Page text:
Dominican Republic native found gospel focus at SEBTS
    December 20 2018 by Lauren Pratt, SEBTS

    It started with a prayer.
     

    SEBTS Photo
    A prayer with his pastor in the Dominican Republic put Moises Gomez on a path to a master's degree at Southeastern Baptist Theological Seminary.

    In his home country of the Dominican Republic, youth pastor Moises Gomez had a burning desire to be better equipped to serve the church. He and his pastor asked the Lord to provide a way for Gomez to be equipped for full-time ministry.
     
    “I think we should pray and see God respond in this prayer,” Gomez recounted his pastor telling him in 2014.
     
    Two weeks later the phone rang, and Edgar Aponte was on the other end. Aponte was Southeastern Baptist Theological Seminary’s (SEBTS) director of Hispanic leadership development at the time (now the International Mission Board’s vice president of mobilization).
     
    Aponte offered Gomez an opportunity for theological education under the seminary’s Kingdom Diversity Scholarship. After a campus visit, growing financial support and other doors the Lord opened, Gomez and his family moved to Wake Forest, N.C., and he began his master of divinity studies in Christian ministry during the 2016 spring semester.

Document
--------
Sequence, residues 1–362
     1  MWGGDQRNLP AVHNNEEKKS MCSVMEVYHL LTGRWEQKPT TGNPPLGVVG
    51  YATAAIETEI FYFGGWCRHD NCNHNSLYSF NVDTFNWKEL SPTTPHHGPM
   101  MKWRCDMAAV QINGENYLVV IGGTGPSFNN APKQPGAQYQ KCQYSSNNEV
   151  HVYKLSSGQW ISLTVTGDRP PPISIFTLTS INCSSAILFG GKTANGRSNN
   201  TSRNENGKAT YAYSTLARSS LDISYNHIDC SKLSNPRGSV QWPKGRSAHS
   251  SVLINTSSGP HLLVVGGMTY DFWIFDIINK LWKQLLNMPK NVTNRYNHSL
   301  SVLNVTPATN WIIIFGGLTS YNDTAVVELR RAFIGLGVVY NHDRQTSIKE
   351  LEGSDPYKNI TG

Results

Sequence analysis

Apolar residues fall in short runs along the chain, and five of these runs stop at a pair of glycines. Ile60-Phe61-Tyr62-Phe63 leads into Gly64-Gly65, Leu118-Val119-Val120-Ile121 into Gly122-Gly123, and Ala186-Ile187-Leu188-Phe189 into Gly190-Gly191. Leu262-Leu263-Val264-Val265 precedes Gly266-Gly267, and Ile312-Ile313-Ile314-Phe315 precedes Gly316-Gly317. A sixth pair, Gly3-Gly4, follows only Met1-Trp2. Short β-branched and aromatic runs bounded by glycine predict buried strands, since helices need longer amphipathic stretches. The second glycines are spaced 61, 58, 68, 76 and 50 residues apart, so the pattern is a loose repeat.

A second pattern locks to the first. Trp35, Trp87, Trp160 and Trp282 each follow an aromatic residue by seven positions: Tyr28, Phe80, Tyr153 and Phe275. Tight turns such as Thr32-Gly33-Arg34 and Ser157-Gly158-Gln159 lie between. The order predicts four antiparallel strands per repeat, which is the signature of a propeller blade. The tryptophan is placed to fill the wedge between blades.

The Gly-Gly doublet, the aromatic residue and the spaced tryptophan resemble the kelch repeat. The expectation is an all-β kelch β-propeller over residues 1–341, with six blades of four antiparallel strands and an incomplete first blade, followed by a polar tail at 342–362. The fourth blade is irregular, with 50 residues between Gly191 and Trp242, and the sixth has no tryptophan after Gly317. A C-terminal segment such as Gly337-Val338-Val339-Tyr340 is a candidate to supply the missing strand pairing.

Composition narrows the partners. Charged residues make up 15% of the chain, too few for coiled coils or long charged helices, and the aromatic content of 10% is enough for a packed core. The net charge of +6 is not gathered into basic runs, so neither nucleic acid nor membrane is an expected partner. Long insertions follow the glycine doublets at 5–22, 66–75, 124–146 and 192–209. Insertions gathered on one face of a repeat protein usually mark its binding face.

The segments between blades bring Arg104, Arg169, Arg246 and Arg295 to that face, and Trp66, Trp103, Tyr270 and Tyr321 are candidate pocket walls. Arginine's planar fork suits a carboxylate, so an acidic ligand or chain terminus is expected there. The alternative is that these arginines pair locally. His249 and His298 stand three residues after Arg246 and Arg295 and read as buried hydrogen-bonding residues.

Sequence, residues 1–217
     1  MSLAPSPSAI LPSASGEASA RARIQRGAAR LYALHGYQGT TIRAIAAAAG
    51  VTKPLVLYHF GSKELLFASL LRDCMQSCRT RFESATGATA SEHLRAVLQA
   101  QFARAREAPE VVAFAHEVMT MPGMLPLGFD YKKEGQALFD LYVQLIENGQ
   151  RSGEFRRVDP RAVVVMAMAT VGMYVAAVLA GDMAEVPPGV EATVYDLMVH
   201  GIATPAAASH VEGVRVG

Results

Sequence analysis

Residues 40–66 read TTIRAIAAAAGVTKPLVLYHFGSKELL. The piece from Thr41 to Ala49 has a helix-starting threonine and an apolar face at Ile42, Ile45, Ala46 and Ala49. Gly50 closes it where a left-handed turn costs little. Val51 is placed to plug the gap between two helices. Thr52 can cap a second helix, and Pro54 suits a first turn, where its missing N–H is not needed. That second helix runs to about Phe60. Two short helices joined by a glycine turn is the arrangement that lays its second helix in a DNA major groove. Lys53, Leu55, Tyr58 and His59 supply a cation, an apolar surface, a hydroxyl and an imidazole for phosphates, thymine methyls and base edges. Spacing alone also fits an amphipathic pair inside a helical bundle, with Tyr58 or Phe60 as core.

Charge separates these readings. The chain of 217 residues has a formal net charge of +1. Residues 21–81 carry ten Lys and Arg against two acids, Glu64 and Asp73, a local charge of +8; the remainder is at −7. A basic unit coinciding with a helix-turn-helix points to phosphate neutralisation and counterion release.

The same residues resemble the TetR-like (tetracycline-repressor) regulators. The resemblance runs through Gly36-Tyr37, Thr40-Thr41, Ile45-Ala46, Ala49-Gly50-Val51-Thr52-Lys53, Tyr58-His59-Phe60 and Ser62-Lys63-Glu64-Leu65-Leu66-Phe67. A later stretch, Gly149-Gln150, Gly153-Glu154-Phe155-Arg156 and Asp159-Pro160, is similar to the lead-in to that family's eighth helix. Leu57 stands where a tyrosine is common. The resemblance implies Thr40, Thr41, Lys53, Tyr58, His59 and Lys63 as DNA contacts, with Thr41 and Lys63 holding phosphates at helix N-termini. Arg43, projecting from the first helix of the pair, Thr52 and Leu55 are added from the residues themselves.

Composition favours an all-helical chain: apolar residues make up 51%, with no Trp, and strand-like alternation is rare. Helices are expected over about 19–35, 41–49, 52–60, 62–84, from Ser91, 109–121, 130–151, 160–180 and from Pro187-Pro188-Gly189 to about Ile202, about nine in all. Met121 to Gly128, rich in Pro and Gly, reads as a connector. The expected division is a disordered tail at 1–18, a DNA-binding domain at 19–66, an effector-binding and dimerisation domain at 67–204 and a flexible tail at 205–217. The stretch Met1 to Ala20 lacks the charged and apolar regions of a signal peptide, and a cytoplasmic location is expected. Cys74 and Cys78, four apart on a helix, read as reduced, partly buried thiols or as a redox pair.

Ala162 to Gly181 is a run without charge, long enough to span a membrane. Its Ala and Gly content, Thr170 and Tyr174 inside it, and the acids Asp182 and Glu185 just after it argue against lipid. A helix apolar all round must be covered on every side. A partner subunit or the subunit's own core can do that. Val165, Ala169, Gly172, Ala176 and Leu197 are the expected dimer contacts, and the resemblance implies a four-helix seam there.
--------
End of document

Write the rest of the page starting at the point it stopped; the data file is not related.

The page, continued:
During his two years at Southeastern, Gomez said he has gained a richer theological base, a Great Commission focus and what he regards as a “well-balanced” M.Div.
     
    SEBTS embodies a “special flavor,” as Gomez puts it, one in which he has experienced deep relationships with his professors and has been challenged through their teaching and lifestyle.
     
    “One of the reasons I love to be here is I have found that my knowledge in theology has been increased, and my heart has been encouraged through the way professors have been teaching and leading,” Gomez said.
     
    As a husband and father of two, time can be one of the biggest challenges in balancing school, family and work. However, Gomez and his wife chose to make family a priority during this time they consider an “oasis” from the challenge of ministry in the Dominican Republic.